SBC DIGEST: WMU provides free books; SWBTS revises doctoral program

WMU partnership provides free books during COVID-19 pandemic

By Julie Walters

BIRMINGHAM, Ala., (WMU) -- Iron Stream Media, WMU and the WMU Foundation are offering curated boxes of books to send to those isolated in senior care facilities, hospice centers and hospitals as well as other seniors sheltering in place due to the COVID-19 pandemic.

The joint initiative,Honor 6:2, is based on Ephesians 6:2: "Honor your father and mother."

According to John Herring, CEO of Iron Stream Media, the seed was planted when one of Iron Stream's subcontractors asked if she could order a couple of boxes of books to send to local elderly care facilities.

"I thought it was a great idea," Herring said, "and the thought came into my heart early the next morning that we could expand on her idea. As I was praying, I was thinking of what it must be like to have read everything on the shelf and longing for a new book to read.

"We have a warehouse full of books that need to be read. Many of our parents and grandparents have more time on their hands than ever. Visitations may not be possible, but we can gift inspiring books to them to help them grow in their spiritual walk with the Lord. I pray each recipient will receive joy from knowing that we remember and honor them and enjoy having a new book to read."

Each box contains titles from three categories -- Bible studies, Christian living and Christian fiction -- as well as a copy of "Your Pain is Changing You," a book written by David Crosby, pastor emeritus of First Baptist Church New Orleans, about his experience after Hurricane Katrina.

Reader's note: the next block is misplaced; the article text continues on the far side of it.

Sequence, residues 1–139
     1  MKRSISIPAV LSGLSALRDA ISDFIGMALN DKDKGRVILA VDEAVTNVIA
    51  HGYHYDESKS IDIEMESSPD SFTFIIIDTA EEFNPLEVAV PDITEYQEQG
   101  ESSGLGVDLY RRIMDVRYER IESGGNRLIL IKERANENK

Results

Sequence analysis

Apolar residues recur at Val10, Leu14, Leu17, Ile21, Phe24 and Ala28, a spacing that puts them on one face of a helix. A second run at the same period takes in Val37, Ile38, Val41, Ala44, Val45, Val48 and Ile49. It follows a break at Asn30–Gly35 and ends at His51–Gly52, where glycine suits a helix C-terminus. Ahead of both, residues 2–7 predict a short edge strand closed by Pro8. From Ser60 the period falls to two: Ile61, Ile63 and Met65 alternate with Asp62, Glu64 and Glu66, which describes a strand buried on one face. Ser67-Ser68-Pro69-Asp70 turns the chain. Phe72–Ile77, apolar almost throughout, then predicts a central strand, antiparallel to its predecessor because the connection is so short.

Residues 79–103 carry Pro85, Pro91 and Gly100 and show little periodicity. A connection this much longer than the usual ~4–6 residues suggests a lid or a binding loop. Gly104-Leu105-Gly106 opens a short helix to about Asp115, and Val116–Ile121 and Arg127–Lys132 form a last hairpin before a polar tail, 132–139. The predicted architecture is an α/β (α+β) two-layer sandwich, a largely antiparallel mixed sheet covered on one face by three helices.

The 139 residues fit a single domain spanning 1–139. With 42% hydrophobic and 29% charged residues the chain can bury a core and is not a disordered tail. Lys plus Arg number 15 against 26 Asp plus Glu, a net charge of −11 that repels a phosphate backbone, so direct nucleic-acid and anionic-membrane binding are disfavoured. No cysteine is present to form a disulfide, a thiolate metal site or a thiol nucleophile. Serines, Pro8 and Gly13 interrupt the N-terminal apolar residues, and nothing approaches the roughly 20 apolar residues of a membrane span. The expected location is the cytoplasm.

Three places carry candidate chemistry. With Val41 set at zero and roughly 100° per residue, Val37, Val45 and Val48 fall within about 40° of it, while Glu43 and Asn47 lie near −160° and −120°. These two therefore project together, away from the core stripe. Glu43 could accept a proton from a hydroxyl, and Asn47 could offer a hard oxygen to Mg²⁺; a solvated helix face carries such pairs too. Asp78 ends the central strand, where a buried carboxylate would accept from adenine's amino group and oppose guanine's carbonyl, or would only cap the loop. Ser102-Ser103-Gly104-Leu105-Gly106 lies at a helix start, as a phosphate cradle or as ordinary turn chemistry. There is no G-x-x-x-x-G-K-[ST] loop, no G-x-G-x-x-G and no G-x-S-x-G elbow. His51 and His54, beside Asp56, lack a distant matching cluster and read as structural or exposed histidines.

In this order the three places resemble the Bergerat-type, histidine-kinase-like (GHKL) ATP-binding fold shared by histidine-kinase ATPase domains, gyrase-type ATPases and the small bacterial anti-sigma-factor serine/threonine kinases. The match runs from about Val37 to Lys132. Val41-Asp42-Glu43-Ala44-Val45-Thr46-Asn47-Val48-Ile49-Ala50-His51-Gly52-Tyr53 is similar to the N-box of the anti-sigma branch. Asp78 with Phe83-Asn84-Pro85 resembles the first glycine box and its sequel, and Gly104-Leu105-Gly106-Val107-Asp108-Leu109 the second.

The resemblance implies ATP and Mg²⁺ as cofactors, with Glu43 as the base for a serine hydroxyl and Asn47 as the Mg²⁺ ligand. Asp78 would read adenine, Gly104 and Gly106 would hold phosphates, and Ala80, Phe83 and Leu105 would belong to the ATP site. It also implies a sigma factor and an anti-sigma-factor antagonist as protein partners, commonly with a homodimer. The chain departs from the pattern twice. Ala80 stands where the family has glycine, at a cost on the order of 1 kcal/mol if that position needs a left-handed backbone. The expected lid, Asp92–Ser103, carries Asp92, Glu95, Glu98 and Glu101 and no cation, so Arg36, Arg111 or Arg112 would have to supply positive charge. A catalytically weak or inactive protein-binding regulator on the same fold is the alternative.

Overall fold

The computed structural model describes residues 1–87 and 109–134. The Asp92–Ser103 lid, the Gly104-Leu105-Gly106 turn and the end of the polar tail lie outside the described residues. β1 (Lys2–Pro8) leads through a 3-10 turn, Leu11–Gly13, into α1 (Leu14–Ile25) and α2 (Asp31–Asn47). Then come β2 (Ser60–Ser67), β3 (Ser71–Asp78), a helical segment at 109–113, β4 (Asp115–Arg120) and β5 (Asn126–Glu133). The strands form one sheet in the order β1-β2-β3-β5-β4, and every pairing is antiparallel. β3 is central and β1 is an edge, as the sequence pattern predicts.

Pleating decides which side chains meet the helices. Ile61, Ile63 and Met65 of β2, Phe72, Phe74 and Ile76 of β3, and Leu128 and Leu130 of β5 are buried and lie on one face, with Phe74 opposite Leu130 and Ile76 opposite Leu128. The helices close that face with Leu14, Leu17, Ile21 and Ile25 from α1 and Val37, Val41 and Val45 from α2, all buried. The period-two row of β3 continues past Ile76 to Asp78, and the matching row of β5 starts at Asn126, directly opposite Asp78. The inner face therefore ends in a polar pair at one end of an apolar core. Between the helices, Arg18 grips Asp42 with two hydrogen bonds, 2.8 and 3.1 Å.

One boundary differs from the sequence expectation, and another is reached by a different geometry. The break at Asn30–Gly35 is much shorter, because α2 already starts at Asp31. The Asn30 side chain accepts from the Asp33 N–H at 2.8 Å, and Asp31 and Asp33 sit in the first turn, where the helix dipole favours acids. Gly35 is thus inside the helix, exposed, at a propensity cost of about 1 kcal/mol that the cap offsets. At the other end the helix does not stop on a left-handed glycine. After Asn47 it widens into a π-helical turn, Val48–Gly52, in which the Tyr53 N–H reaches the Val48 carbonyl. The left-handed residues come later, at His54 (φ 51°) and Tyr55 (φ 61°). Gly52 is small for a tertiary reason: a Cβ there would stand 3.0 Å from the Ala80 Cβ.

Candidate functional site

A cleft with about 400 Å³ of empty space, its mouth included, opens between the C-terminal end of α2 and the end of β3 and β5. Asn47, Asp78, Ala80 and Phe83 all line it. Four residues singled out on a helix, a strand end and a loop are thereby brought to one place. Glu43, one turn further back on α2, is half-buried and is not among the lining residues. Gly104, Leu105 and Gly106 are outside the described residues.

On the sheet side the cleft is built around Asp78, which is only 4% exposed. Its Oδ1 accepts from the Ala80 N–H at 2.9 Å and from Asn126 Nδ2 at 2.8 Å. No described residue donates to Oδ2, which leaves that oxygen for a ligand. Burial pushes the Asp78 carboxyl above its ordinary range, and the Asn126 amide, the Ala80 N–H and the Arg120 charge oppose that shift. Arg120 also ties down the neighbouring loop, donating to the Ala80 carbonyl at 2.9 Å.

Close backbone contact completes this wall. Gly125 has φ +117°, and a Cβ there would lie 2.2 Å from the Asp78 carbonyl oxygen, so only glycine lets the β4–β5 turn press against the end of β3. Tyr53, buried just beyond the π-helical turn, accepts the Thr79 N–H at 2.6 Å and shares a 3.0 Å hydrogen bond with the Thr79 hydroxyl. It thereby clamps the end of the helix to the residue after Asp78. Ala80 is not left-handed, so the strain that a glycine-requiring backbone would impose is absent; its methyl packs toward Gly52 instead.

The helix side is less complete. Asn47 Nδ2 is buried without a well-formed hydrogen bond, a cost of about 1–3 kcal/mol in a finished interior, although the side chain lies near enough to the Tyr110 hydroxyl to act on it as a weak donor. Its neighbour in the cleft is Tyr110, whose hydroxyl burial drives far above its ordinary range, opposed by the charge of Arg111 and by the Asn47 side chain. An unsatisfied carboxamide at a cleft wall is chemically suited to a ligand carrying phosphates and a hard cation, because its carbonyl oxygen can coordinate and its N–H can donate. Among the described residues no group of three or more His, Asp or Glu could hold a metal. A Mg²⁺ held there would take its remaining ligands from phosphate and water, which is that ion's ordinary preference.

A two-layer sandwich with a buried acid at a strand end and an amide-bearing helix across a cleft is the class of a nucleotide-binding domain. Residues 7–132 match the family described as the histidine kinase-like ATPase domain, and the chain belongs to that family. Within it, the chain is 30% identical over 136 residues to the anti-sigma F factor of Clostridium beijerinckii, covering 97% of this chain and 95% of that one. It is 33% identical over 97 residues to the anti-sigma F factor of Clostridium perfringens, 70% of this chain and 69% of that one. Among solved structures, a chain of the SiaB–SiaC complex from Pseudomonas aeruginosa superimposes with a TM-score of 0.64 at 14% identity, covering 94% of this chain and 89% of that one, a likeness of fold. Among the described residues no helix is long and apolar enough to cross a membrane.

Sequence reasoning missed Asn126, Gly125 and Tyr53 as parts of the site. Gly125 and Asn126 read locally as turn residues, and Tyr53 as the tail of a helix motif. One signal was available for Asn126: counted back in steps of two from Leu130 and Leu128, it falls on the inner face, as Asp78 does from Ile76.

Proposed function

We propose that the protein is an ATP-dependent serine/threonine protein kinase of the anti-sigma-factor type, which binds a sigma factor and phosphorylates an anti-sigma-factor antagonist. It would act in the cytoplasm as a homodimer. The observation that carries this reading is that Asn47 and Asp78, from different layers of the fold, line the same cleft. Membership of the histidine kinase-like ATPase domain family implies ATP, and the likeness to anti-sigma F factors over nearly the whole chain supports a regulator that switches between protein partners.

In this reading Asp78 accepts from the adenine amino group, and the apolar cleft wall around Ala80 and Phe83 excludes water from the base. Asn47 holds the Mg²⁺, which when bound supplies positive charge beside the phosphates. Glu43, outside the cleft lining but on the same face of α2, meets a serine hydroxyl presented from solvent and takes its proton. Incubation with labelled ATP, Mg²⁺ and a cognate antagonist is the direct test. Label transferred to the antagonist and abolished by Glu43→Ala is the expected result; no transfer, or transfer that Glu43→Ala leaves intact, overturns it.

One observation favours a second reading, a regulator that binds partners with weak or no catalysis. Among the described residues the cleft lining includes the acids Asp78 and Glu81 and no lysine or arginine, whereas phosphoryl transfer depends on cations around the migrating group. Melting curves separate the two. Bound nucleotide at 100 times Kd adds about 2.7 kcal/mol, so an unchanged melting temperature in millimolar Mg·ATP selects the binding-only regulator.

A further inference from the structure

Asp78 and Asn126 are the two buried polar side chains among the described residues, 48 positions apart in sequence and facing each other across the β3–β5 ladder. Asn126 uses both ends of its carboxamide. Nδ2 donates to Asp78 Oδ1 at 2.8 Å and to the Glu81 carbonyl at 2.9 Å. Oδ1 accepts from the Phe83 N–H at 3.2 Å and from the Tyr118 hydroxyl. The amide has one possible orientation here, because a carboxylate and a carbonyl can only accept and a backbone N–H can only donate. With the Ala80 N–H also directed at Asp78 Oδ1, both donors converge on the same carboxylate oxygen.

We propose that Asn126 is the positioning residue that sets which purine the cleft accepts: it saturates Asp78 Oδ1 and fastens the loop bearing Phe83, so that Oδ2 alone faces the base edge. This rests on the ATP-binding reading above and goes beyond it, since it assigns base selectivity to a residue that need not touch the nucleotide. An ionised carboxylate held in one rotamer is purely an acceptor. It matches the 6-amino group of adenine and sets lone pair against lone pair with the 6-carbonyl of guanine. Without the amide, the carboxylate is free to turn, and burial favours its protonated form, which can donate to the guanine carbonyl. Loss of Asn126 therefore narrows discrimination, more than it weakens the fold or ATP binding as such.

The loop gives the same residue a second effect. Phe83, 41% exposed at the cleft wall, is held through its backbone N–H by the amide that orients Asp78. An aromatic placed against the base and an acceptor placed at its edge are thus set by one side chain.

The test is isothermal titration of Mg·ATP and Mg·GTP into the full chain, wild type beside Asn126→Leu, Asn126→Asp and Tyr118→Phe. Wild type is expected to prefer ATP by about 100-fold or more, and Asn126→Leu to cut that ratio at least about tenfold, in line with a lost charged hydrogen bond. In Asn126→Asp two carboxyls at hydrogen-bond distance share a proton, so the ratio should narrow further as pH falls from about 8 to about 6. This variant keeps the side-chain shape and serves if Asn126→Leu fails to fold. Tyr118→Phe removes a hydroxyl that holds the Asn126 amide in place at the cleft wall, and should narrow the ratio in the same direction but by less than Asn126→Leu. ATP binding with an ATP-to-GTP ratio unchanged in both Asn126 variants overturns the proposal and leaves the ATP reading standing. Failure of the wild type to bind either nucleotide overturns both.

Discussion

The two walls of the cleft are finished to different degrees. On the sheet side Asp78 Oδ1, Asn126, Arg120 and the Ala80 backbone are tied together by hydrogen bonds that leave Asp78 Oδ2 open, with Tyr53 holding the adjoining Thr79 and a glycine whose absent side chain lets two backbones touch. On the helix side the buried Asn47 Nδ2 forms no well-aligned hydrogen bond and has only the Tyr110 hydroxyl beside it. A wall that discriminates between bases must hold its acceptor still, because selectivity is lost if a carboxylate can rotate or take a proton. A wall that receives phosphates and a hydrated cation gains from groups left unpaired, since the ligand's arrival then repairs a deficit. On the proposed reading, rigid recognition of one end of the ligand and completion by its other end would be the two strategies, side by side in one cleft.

All curated books are new and free. The only associated costs are for shipping and handling. To gift a box, go to honor62.com, select a box size, indicate where to ship it and provide payment information. Boxes of books are available in four sizes: mini (4-6 titles), small (7-11 titles), medium (11-17 titles), or large (more than 20 titles). There is also an option to make a donation above the box price to help support the Honor 6:2 ministry, through the WMU Vision Fund.

"We hope the hearts of those sheltering in place and isolated will be touched to know they are being thought about even in the midst of the chaos caused by COVID-19," said Sandy Wisdom-Martin, executive director of national WMU. "We want them to be assured God loves them and cares about them, and we pray they are encouraged as God strengthens their faith and enables them to overcome challenges they may face.

"Everything we do is to share the Good News of Jesus Christ. We pray in each circumstance, God will be honored."

David George, president of the WMU Foundation, added, "We are always honored and privileged to work with WMU and her ministry partners. This effort to honor our elder loved ones during the novel coronavirus pandemic is a perfect example of one of the many ways we can partner together and help others."

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SWBTS revised doctoral program prioritizes student development

By Alex Sibley

FORT WORTH, Texas (BP) -- Southwestern Baptist Theological Seminary has revised its professional doctoral program.